Population Influences on Tornado Reports in the United States
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The number of tornadoes reported in the United States is believed to be less than the actual incidence of tornadoes, especially prior to the 1990s, because tornadoes may be undetectable by human witnesses in sparsely populated areas. We use a hierarchical Bayesian model to simultaneously correct for population-based sampling bias and estimate tornado density using historical tornado report data. The expected result is that F2-F5 compared to F0-F1 tornado reports would vary less with population density. The results agree with this hypothesis for the following population centers: Atlanta, GA; Champaign, IL; Des Moines, IA. However, the results indicated just the opposite in Oklahoma. We speculate the result is explained by misclassification of tornadoes that were worthy of F2-F5 Fujita scale rating but were classified as F0-F1 tornadoes, thereby artificially decreasing the number of F2-F5 and increasing the number of F0-F1 reports in rural Oklahoma.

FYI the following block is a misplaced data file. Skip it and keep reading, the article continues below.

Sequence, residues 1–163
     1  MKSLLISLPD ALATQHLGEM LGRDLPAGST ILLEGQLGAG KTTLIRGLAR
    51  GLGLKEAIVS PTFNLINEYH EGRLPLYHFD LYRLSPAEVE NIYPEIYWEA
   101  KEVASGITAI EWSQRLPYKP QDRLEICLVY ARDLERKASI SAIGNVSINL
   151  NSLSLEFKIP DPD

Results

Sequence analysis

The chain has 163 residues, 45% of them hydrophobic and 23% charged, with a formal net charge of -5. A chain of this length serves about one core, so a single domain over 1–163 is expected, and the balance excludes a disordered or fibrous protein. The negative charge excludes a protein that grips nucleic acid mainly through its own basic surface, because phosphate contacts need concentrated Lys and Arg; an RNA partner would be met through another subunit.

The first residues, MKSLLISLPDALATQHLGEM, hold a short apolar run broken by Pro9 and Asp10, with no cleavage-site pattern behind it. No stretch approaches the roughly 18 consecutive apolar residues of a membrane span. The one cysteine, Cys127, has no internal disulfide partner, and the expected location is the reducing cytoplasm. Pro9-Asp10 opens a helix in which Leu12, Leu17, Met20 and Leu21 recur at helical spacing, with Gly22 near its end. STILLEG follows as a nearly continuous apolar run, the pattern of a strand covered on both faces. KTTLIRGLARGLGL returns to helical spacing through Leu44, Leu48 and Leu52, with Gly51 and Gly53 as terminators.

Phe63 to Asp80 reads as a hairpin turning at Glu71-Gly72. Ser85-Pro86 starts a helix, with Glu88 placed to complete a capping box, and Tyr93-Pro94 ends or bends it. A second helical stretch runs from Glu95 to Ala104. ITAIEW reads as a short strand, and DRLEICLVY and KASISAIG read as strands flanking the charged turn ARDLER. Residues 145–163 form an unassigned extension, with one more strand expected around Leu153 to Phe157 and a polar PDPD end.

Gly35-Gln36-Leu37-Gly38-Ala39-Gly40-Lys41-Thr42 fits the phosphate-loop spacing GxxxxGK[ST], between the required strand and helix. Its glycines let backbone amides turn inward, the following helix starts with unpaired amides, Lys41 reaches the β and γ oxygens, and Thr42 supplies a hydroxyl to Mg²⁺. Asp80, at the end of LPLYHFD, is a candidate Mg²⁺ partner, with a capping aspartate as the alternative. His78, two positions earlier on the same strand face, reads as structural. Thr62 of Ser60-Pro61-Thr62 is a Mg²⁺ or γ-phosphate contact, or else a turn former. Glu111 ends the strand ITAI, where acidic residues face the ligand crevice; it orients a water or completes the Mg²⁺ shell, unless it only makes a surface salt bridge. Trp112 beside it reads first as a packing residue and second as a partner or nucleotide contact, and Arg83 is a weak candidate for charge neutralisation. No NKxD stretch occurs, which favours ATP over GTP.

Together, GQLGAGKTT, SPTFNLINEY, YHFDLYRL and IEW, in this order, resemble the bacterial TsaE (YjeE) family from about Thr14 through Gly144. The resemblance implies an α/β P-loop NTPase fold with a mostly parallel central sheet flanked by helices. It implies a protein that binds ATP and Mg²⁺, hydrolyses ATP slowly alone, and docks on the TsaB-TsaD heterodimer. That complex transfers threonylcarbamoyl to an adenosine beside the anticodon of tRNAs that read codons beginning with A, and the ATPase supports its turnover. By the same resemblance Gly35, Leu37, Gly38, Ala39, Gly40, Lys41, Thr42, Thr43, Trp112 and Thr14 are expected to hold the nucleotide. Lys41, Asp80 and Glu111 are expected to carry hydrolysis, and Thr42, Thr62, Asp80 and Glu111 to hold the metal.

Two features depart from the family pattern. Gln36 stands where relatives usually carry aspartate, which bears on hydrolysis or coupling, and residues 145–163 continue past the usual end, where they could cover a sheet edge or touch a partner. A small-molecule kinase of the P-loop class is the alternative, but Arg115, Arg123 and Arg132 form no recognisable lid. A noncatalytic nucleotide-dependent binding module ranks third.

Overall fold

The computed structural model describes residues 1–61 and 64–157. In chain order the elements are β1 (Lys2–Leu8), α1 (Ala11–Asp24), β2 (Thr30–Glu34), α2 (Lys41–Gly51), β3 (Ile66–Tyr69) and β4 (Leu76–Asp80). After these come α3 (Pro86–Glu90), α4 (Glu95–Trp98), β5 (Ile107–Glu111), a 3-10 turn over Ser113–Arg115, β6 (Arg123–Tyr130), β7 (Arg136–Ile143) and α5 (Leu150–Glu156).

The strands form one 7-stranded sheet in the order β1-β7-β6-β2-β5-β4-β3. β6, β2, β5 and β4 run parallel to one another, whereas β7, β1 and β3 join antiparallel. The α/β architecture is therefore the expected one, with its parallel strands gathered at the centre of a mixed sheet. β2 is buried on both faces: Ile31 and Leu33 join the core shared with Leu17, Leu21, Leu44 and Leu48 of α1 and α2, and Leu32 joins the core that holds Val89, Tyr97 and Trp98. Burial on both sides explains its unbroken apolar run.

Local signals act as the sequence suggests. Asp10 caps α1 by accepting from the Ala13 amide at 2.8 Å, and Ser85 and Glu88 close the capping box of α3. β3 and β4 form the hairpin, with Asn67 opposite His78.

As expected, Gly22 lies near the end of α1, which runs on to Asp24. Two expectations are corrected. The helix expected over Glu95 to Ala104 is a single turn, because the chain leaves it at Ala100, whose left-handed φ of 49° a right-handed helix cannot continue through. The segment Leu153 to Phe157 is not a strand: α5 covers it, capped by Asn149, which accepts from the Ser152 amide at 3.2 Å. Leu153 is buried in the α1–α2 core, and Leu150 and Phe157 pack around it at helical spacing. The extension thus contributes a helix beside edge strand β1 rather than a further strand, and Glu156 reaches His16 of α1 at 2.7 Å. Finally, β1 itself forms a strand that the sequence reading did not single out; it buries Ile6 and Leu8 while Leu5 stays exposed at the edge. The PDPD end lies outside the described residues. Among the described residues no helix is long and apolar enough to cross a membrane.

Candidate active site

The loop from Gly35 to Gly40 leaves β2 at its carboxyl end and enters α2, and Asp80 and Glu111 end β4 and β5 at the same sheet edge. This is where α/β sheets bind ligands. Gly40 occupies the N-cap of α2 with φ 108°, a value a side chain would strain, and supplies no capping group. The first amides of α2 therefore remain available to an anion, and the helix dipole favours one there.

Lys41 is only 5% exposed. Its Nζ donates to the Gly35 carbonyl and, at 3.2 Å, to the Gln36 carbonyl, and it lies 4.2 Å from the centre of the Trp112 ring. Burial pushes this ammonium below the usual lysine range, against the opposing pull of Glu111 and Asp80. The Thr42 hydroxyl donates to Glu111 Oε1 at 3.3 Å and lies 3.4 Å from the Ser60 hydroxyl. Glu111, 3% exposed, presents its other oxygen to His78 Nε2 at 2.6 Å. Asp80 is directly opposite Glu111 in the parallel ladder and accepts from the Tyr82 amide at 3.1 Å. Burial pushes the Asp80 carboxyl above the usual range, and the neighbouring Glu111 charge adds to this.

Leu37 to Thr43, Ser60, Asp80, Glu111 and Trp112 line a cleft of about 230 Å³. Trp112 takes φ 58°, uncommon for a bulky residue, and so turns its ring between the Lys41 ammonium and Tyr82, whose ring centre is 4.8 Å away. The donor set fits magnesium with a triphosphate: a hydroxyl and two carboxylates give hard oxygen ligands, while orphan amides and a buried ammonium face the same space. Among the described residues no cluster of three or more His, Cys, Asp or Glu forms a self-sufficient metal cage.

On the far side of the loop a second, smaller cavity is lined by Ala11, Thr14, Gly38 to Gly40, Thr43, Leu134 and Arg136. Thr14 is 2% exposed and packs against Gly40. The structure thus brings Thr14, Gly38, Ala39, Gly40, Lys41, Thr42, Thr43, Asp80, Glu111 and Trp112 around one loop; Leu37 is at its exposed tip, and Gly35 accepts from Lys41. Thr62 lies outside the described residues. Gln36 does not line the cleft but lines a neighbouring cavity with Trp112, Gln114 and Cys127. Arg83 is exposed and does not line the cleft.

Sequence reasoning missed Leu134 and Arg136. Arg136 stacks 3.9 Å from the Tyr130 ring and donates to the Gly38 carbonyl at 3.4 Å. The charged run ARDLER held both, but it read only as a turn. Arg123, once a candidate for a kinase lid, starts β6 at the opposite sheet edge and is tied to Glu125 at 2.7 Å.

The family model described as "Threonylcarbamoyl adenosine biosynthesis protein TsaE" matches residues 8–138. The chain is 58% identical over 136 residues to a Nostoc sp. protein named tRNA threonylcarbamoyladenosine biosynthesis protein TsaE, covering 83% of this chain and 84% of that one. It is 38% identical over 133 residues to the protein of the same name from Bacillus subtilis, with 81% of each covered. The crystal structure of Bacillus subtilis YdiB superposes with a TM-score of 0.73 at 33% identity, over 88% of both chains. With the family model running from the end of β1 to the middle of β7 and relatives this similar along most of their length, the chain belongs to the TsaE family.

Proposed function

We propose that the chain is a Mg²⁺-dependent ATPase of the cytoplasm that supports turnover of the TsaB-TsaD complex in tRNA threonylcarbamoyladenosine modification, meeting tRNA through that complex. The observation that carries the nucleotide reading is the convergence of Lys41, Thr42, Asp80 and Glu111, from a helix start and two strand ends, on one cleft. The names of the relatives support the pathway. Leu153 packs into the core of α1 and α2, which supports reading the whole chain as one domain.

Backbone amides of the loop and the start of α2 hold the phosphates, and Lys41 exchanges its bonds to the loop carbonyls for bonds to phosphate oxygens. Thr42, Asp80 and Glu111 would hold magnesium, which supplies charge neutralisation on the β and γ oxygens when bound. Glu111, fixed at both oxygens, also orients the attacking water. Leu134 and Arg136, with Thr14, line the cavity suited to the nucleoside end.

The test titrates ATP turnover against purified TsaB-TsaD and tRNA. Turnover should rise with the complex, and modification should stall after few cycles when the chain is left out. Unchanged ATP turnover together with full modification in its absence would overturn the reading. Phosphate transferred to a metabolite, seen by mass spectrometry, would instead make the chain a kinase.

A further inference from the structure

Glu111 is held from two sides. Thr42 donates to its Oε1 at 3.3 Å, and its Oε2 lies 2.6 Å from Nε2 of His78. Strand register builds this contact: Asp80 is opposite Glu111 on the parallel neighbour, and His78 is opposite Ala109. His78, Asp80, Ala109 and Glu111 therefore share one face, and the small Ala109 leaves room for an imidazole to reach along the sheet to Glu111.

Weather and Forecasting, 22, 571-579.